Critical Consensus: "Music" Is Catchy; "Bridge" Is Sturdy; "Girls" Is So-So; "Breach" Is Tense; Guess "Ghost Rider" Tomatometer
In the world of popular music, there are a number of great songwriting duo: Burt Bacharach and Hal David, Gerry Goffin and Carole King, John Lennon and Paul McCartney. In "Music and Lyrics," Hugh Grant and Drew Barrymore team up to write a tune, and critics say the movie is as disposable -- and sweet -- as your average summer hit. Grant plays a washed-up pop star commissioned to write a tune for a pop starlet; he discovers that Barrymore, who waters his plants, has a way with words, and the two make beautiful music together. The pundits say the film is as predictable as they come, but its stars elevate the material beyond the usual rom-com fare. At 66 percent on the Tomatometer, "Music and Lyrics" has a good beat, and you can dance to it.
Opening for Speed Metal! in Seattle, WA.
Ah, the pre-teen years. Such an angst-ridden period in one's life. "Bridge to Terabithia," the story of two 10-year-olds who retreat into a fantasy land to escape the sadness in their lives, is a movie that understands what it's like to be a kid, and for that, critics say it's family entertainment of a very high order. "Terabithia" is a coming-of-age tale about friendship that doesn't skimp on tragedy, but doesn't lack for uplift, either. And it features engaging performances from its young stars, Josh Hutcherson and AnnaSophia Robb. At 88 percent on the Tomatometer, "Terabithia" may be a worth a trip.
"Lightning bolt! Lightning bolt!!"
Madea may be gone, but Tyler Perry's back with "Daddy's Little Girls," his second film as a director, and the first in which he doesn't play his no-nonsense, straight-talking alter ego. This time, he's a single dad locked in a custody battle with his wife for their three daughters; he enlists a beautiful attorney (Gabrielle Union) to help, and romance blossoms. The pundits say Perry's filmmaking skills have improved with this effort, but the film is ultimately too predictable and preachy to work. It currently stands at 22 percent on the Tomatometer.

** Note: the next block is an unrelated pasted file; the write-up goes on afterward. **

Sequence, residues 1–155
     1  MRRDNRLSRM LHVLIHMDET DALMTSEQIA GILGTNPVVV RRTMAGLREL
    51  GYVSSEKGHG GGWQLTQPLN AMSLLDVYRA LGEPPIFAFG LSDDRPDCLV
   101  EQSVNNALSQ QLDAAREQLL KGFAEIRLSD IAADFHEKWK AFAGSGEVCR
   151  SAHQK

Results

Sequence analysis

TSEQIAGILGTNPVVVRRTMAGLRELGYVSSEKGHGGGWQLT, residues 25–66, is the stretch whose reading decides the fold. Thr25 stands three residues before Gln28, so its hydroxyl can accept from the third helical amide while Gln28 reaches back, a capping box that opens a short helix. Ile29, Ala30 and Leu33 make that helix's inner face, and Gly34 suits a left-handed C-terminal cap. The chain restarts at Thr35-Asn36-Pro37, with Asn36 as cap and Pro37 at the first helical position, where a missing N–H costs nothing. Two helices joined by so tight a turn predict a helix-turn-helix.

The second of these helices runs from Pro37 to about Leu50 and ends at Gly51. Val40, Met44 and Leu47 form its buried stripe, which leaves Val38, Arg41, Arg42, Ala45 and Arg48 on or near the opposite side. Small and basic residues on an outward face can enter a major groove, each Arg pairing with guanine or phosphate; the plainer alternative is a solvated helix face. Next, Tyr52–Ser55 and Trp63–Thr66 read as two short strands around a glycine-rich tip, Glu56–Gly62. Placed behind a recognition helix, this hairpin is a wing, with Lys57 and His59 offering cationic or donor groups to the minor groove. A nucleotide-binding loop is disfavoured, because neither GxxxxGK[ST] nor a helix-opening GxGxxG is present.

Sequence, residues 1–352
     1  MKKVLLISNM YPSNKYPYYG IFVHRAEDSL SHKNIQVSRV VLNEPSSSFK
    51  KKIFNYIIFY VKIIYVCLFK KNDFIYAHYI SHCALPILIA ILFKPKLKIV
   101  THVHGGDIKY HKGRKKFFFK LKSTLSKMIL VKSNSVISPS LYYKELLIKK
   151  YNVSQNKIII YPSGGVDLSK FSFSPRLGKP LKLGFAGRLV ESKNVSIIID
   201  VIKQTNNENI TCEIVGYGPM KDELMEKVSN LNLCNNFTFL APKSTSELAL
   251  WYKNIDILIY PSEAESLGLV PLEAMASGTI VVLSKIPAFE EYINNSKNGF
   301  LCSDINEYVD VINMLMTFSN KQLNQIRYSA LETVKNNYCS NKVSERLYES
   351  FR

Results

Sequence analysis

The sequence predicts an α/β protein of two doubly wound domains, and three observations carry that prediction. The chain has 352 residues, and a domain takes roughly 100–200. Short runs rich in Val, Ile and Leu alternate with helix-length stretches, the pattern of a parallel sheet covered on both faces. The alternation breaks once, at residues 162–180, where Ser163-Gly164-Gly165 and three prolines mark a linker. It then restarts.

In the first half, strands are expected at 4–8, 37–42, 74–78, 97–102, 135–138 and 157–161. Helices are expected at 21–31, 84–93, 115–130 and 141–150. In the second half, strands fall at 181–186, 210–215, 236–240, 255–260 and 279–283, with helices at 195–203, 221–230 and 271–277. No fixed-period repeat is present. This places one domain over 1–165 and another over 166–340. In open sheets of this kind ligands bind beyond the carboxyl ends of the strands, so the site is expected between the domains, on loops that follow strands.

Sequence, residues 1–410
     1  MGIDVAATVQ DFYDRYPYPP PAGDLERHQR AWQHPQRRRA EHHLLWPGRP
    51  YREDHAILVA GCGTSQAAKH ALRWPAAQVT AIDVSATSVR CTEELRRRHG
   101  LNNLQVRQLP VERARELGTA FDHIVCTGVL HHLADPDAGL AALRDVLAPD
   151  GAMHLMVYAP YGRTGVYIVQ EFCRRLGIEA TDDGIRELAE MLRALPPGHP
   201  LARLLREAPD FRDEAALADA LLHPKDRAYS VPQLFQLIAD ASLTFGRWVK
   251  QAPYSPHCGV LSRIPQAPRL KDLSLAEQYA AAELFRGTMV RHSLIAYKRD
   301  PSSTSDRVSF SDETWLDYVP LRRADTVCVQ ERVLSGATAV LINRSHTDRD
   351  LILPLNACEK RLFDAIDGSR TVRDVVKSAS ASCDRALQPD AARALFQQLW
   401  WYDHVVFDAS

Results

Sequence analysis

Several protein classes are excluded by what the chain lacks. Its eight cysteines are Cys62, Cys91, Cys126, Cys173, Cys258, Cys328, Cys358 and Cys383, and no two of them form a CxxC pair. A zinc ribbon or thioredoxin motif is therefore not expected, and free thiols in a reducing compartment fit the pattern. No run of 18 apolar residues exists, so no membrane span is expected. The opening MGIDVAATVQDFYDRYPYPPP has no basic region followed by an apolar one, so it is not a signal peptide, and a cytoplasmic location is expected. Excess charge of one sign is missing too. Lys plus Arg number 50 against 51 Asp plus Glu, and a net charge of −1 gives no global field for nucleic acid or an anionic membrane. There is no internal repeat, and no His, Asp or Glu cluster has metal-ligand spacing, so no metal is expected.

"And I think American Idol should be on five times a week!"
Director Billy Ray is carving out an interesting niche spinning tales of frauds in high places. His first film, "Shattered Glass," told the story of the journalist/fabulist Stephen Glass; now comes "Breach," based upon the career of imprisoned FBI turncoat Robert Hanssen. Ryan Phillippe stars as a young agent assigned to check up on Hanssen (Chris Cooper), who his superiors believe may be leaking information to the Soviets. Critics say "Breach," despite a lack of explosive action scenes, is a first-rate mind-game thriller that authentically captures the culture within the agency. "Breach" is currently at 88 percent on the Tomatometer.
Chris Cooper practices a Bob Dole impression.
"Ghost Rider," the comic book adaptation starring Nicolas Cage as a stunt motorcyclist who finds his cranium ablaze after a Faustian bargain, was not screened for critics in time to make this week's Critical Consensus. So get off your Harley and Guess that Tomatometer.
"Have you got any ibuprofen? I have a burning headache."
Also opening this week in limited release: "Avenue Montaigne," a comedy a about a young woman's introduction to Paris and France's official selection for Academy consideration, is at 82 percent; "Bamako," the tale of a troubled small town in Mali starring Danny Glover, is at 80 percent; and "Close to Home," a tale of young women in the Israeli army, is at 40 percent.
Parisians: never too cool for a staring contest.
Recent Nicolas Cage Movies:
63% -- The Ant Bully (2006)
71% -- World Trade Center (2006)
14% -- The Wicker Man (2006)
61% -- Lord of War (2005)
60% -- The Weather Man (2005)
Recent Drew Barrymore Movies:
71% -- Curious George (2006)
64% -- Fever Pitch (2005)
68% -- My Date With Drew (2005)
42% -- 50 First Dates (2004)
90% -- Donnie Darko: The Director's Cut (2004)